Tobacco Industry Interference and public tobacco control policies during COVID-19 in Argentina: Global Tobacco Industry Interference Index 2021
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Fundación Interamericana del Corazón (FIC), Buenos Aires, Argentina
Publication date: 2021-12-10
Tob. Prev. Cessation 2021;7(Supplement):31
Argentina has one of the highest tobacco consumption rates in the Latin America. Since 2011, the National Tobacco Control Law (NTCL) has proven to be insufficient to limit tobacco industry (TI) interference. Compounding this situation is the lack of ratification of the Framework Convention on Tobacco Control (FCTC) and thus the lack of protection of tobacco control policies from IT commercial interests. The Global TI Interference Index provides information on how the Argentine government acts in relation to the TI interference.

The questionnaire developed by the Southeast Asia Tobacco Control Alliance based on the provisions of Art.5.3 of the FCTC was used and a scoring system was applied to perform the assessment. The study is based on Argentinian tobacco control regulation and publicly available information for the period 2020 and the first quarter of 2021.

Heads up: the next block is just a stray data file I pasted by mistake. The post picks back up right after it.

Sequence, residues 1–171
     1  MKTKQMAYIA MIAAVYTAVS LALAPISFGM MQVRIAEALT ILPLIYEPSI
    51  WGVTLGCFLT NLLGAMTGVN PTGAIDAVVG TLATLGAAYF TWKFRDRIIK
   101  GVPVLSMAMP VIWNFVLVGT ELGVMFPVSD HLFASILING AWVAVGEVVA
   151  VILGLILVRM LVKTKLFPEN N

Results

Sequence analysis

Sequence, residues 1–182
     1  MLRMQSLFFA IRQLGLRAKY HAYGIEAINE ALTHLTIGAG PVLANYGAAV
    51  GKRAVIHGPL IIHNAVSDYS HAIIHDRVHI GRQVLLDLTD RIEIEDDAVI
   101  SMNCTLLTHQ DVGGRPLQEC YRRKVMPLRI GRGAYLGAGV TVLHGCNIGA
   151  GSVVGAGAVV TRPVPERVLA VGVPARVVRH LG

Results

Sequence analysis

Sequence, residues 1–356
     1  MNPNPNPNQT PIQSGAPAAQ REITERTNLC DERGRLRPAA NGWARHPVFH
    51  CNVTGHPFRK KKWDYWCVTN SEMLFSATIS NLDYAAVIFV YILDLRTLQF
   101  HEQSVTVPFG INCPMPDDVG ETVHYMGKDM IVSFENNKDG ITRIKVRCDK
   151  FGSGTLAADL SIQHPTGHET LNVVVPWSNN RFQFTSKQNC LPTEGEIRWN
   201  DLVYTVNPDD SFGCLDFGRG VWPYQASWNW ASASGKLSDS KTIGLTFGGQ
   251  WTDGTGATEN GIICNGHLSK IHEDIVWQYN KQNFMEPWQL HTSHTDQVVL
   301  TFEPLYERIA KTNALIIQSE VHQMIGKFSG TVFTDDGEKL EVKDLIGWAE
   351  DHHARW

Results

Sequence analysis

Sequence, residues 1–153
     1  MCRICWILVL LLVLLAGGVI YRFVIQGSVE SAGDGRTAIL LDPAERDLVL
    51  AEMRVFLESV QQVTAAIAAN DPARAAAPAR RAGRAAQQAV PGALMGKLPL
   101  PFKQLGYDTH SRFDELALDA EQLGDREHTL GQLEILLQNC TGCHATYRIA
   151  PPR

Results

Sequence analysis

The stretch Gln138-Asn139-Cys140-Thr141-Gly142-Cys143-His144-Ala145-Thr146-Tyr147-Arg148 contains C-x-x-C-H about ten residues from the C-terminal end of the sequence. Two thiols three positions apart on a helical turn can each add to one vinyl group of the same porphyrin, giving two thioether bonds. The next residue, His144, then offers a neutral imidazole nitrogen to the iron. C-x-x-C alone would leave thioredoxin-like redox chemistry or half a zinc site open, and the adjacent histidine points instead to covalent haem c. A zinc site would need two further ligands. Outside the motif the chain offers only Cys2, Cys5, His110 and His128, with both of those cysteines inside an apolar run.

Compared to the Global Index published in 2020, Argentina has worsened in many ways in terms of transparency since the COVID-19 pandemic. This investigation proved that government officials and the TI had met in different opportunities, and various State's agencies have participated together with non-governmental organizations sponsored by the TI. Furthermore, the TI interference detected has affected the design, planning and implementation of tobacco control policies throughout the country.

Through this research, it becomes clear that there is a need to modify the NTCL in order to completely ban all forms of tobacco products marketing. Moreover, Argentina should ratify the FCTC to guarantee the protection of the right to health. Finally, the government should develop a Code of Conduct which includes clear and binding guidelines; thus restricting interactions between public officials and the TI.

No Conflicts of Interest were reported.